The McCain camp is denying that it was a campaign spokesperson who told local TV reporters in Pittsburgh that the "B" supposedly scrawled on the face of a young McCain campaign worker was a reference to "Barack" Obama, angrily carved into her face with a knife by a black mugger because she was a McCain supporter.
Of course we now know the victim's entire account was a hoax. I suspect the McCain campaign's denial is, too.
In response to our story, campaign spokesperson Brian Rogers told MSNBC that the campaign didn't provide those details to the local reporters, but that the police did, and the reporters were sloppy in attributing them to the McCain campaign (at the 0:54 mark):
So here's what the McCain camp would have you believe. Two different TV stations. Two different reporters. Neither could distinguish what they were told by the police (whom they presumably deal with on a daily basis) from what a campaign flack told them. So thorough is their sloppiness that even after the fact, upon reflection, both reporters stick by their stories, continuing to misattribute police statements to the campaign.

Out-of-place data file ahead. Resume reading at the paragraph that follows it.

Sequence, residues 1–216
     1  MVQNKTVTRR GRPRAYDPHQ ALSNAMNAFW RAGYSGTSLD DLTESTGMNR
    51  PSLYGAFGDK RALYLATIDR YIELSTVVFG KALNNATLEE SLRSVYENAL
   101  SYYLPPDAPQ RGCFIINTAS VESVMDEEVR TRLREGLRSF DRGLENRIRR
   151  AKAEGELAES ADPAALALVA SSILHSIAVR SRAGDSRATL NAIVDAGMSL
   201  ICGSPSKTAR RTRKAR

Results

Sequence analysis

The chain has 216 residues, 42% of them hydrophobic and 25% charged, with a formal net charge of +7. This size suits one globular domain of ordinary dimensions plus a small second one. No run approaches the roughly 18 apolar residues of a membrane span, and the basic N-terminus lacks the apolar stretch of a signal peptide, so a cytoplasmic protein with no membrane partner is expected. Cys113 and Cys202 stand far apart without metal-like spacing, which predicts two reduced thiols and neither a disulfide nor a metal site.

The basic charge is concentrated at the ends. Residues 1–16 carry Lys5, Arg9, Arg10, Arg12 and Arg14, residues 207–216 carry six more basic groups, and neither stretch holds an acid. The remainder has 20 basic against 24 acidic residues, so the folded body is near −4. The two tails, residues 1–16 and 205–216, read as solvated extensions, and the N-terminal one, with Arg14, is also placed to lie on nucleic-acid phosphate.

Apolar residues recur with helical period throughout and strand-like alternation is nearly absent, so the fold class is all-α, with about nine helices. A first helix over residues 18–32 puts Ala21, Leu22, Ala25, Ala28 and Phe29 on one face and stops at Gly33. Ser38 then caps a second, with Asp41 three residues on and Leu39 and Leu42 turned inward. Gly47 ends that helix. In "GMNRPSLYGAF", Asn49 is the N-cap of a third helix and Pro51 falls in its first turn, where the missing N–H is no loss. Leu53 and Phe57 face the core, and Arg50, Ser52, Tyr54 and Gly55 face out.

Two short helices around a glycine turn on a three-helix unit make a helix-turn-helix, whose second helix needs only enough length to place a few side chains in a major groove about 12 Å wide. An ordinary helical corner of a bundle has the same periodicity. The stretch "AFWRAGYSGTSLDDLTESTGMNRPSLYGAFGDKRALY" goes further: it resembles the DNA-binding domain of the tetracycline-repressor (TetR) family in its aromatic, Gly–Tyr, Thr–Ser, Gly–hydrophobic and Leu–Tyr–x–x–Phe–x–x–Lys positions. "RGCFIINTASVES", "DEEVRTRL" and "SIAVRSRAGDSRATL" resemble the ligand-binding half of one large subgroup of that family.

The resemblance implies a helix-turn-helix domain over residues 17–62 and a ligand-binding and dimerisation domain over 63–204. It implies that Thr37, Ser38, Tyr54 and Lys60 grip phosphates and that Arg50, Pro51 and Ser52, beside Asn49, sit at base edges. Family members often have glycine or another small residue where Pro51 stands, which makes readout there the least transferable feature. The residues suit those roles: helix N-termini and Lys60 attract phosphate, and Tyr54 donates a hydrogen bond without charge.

The McCain campaign denial also requires you to believe that, more than 12 hours after the concocted attack, the police -- who say they were suspicious of the hoaxster's account from the beginning -- started leaking to reporters an incendiary version of events that didn't even make it into the original police report of the incident.
Perhaps most implausibly, the McCain camp account requires you to give the benefit of the doubt to a crew that wants you to believe that Obama himself is a smooth-talking, baby-killing Islamic terrorist who embraces socialism and white women.